Our world needs us. It is our mission in Christ to help those in darkness understand that, “In the dark night of the soul, bright flows the river of God.”




Sunday, July 2, 2017

Being Church in the World

Sermon
St. Simon’s on the Sound - July 2, 2017
Matthew 10:40-42

How did I not see this before, I said to myself as I sat in the Atlanta airport waiting for a flight that we all prayed would be on time? How did I miss something so obvious? How did I not fully understand the intent of Jesus’ words when he proclaimed, “Go into all the world and preach the Gospel to the whole creation?” (MK 16:15) How did I not fully grasp the intent of our baptismal vow to proclaim by word and example the Good News of God in Christ?

Sitting there in the Atlanta airport, attempting to block out the commotion of noisy travelers and confusing PA announcements, and praying continually that my flight would arrive on time, and then take off without delay, I had what I believe we would call an epiphany. Or, perhaps since I really have no words to describe the experience, only a burning in my mind and in my heart, I had what might better be described and a “mystic moment.”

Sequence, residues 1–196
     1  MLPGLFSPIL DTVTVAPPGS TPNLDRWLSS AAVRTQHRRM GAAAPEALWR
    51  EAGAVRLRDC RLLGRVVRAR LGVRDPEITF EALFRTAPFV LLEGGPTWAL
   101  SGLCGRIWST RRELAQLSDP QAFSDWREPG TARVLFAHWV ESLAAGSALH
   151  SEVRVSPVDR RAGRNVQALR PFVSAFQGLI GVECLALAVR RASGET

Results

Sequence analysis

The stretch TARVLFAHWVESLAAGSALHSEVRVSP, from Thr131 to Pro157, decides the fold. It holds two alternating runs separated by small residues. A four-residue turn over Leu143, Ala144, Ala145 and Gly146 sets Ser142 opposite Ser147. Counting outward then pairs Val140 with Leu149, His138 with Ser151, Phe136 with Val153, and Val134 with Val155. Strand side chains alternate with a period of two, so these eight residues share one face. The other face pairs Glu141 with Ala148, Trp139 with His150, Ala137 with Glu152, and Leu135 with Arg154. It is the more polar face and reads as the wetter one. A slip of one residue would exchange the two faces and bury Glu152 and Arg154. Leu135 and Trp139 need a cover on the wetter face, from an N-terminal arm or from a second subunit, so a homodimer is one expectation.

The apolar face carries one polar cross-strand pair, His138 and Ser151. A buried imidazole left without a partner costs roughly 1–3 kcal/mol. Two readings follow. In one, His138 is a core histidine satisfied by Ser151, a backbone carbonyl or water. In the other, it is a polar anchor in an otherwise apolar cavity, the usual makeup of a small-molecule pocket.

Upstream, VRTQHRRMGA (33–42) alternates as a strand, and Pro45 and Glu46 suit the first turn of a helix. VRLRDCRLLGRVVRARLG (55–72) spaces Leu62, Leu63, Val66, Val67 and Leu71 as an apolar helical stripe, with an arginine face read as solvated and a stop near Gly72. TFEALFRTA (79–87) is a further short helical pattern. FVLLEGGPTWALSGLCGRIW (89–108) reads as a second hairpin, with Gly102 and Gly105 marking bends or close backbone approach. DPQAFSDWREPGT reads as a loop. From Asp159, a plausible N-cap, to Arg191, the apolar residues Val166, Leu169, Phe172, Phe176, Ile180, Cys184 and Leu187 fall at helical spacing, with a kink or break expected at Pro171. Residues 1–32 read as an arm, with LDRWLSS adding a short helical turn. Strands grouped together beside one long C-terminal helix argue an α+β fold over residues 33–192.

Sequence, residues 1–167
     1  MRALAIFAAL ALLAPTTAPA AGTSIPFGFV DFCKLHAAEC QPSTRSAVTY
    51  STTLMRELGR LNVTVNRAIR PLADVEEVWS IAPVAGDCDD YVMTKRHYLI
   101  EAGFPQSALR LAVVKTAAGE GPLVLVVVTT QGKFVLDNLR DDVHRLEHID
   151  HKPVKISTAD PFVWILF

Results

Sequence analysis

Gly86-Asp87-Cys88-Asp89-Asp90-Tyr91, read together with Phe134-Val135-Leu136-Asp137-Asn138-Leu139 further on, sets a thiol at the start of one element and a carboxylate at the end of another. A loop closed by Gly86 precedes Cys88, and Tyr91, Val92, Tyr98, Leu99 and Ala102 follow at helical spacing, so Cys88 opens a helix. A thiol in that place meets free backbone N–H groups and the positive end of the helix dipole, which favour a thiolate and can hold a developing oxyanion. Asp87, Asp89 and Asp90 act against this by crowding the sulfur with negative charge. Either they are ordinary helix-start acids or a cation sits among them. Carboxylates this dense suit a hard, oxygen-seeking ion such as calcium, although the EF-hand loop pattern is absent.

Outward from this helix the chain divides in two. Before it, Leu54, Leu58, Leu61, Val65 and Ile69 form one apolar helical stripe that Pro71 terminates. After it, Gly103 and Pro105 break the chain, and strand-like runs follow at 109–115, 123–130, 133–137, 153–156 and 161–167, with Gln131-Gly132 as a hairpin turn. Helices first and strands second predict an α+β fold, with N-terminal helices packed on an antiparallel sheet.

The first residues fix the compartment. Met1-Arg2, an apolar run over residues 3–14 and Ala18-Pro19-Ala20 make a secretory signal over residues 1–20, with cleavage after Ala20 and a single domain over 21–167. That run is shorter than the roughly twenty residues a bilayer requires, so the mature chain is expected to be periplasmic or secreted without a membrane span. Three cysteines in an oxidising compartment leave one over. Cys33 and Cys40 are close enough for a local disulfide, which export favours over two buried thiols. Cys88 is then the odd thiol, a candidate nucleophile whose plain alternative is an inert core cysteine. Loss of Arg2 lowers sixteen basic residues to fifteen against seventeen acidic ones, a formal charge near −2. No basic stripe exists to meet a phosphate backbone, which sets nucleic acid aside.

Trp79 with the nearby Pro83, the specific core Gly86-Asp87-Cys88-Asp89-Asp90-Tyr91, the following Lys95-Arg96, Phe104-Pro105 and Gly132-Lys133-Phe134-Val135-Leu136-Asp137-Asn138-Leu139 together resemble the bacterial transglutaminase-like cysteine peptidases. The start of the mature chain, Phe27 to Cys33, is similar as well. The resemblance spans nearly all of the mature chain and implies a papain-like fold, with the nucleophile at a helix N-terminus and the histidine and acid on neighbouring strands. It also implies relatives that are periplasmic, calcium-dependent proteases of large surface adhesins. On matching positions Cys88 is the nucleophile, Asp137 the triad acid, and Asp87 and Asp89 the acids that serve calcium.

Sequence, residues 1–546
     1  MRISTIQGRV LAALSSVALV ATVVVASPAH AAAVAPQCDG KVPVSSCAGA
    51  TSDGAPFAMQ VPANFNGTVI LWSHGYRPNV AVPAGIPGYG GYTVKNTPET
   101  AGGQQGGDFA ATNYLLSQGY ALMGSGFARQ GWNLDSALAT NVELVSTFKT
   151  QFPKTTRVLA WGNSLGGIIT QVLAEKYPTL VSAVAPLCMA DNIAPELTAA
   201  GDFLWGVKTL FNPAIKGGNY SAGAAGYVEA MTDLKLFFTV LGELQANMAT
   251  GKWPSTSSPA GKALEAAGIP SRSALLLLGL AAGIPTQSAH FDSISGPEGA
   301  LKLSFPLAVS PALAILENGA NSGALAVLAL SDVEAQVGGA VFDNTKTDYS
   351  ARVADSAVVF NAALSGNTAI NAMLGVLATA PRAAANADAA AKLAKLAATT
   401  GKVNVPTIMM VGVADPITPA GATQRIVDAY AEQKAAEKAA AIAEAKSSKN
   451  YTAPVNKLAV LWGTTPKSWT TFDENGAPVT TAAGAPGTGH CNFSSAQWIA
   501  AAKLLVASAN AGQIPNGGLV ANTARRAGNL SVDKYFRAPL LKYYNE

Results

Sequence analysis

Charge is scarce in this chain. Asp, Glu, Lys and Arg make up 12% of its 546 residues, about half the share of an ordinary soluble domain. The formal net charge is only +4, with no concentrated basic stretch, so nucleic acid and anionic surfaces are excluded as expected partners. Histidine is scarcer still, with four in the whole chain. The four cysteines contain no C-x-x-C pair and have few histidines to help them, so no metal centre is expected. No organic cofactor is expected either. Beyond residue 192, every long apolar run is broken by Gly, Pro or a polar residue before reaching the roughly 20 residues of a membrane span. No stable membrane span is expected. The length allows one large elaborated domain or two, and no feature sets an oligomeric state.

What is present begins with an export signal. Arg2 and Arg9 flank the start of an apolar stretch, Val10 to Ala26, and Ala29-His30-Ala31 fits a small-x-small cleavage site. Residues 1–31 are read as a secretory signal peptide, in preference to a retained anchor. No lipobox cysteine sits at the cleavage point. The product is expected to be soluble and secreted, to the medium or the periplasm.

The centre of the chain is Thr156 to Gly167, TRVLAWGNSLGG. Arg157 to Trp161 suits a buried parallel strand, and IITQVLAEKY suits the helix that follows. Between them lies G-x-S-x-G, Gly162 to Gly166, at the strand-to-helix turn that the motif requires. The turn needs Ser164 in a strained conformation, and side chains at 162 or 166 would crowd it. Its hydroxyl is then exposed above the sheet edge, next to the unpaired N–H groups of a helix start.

I experienced in a fleeting moment an insight into the meaning of being in the world that touched my heart, my mind and my soul. In this fleeting moment, I experienced so clearly the significance of “giving a cup of cold water to these little ones”. I understood what being in the world, our mission – the charge given us by Jesus – I understood what our being in the world means through very, very, new lenses. Lenses that have affected my way of seeing and being ever since.

The event that precipitated this “mystic moment” was a conference on Global Mission that I attended a couple of weeks ago in the Episcopal Diocese of Atlanta. The conference agenda was focused on the concept of the church’s identity being formed in the world, as opposed to the church’s identity being established within the four walls of any given building.